I love food. In the “eat to live or live to eat” classification, I most definitely fall into the latter category. I love food so much, I couldn’t even tell you what my favourite dish is. There are just too many delicious items out there to be tied down to just one, and I’m the kind who enjoys variety more than anything else.
I had a good relationship with food all through childhood. I ate most things with relish; indeed, there were very few things I ever flat-out refused. My mother’s policy of not forcing anything on me made sure I never really got around to hating anything irrationally. As long as it tasted decent, I didn’t mind eating it. The only things I didn’t much care for were sweets, which took a lot of people by surprise, but it wasn’t ever an issue.
When I landed in Singapore, other than not being able to find a sufficient variety of vegetarian food, I didn’t have too much of a problem. Or so I thought. Food is so cheap in Singapore, you can eat out every single day and stay inside your budget, and I did this for much of my life there. Cooking in university was never really a serious option, and after I left, work kept me too busy to do it. I could have cooked if I had really put my mind to it, but a combination of laziness and easy availability of cheap food kept me from doing it.
I didn’t really understand how much of a problem this would turn out to be until I started gaining weight visibly. Even then, I figured my lack of exercise was the main issue. I wasn’t an over-eater (at least, I didn’t think of myself as one), and because I always associated eating wrong with eating too much, I never pegged food as a problem until much, much later. It didn’t strike me that I just didn’t have the right genetics to be eating out every single day. I never stopped to think that as a vegetarian, and because of the limited options available, I was ingesting way more carbohydrates than my system required. I didn’t realise that my terrible meal timings (10am breakfasts, 3pm lunches) were an actual problem.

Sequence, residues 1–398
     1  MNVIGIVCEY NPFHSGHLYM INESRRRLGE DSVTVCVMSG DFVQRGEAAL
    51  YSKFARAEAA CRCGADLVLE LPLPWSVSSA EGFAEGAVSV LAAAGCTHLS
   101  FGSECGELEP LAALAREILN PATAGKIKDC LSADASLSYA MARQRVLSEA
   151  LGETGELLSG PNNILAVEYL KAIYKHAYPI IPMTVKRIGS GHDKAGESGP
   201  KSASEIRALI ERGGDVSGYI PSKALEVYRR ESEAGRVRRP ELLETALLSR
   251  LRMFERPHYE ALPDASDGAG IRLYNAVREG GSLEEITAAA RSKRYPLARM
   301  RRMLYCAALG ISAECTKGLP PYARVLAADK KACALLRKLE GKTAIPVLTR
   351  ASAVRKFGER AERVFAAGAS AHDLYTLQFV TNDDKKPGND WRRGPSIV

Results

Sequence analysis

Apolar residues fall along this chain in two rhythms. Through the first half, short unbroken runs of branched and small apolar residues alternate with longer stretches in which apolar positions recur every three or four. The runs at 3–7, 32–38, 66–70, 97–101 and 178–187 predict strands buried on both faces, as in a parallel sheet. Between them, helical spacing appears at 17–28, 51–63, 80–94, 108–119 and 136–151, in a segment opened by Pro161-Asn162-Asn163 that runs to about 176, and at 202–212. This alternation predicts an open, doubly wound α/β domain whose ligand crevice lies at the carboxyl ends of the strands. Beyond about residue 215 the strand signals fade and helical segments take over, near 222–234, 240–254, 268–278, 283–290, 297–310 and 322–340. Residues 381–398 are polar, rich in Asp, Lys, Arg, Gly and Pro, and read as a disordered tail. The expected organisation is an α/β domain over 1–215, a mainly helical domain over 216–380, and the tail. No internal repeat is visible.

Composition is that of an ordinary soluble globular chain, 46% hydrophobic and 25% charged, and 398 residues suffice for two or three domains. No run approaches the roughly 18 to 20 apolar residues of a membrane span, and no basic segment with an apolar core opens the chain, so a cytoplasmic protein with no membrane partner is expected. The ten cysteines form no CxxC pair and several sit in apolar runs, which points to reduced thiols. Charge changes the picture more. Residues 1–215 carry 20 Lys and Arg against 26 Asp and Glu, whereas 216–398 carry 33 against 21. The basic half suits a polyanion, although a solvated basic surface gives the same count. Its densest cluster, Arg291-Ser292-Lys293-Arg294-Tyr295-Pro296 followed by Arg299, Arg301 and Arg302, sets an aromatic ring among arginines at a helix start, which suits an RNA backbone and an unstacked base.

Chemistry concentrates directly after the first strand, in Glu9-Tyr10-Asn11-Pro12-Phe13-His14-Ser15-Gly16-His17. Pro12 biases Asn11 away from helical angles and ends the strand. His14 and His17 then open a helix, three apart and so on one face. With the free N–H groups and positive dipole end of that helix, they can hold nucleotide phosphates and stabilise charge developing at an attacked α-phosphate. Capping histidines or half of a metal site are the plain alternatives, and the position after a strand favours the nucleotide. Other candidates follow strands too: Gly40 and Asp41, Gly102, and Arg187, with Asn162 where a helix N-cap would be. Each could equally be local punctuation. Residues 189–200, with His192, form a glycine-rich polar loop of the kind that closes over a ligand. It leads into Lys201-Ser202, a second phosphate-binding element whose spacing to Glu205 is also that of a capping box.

I’ve never been skinny, but until a certain point in my life, I was healthy. When I crossed over into “fat” territory, food became the enemy. Not that I didn’t like it any more… that would have resulted in a different kind of problem, I guess. My problem was that it became a source of guilt. My family had become the people I needed to hide my love of food from. I’d enjoy a good meal and then feel guilty that someone might find out. I wouldn’t upload pictures of food to Facebook, and I was constantly worried that someone would tag me in a picture or a check-in that gave away that I was making bad meal choices. Unfortunately, guilt and restorative action don’t always go hand-in-hand, and so, because I couldn’t really change my habits and because I was so adamant about not admitting my problem or letting others help, the circle of weight gain and shame kept going.
It took a lot of time and effort to break that cycle and stop looking at food in terms of how it would influence people’s opinions of me. I had spent too long linking my eating habits to what others thought and feeling guilty about it, instead of feeling guilty about what my habits were doing to me. Once I was able to understand that, and that what those other people felt was concern and not disdain, I was able to regulate my own feelings better and look at food in a whole new light.
Today, I still love food as much as I always have, but it isn’t a one-way street any more. I pay attention to what it does to me and for me, and I try and work those things towards my advantage. I don’t restrict myself from things I like, but I don’t over-indulge, either. I understand that food is as much of a thing of the mind as it is a thing of the tongue, and I try and stay aware of that. It’s a healthier relationship.
Most importantly, though, it’s a happier relationship, and that’s all I could want.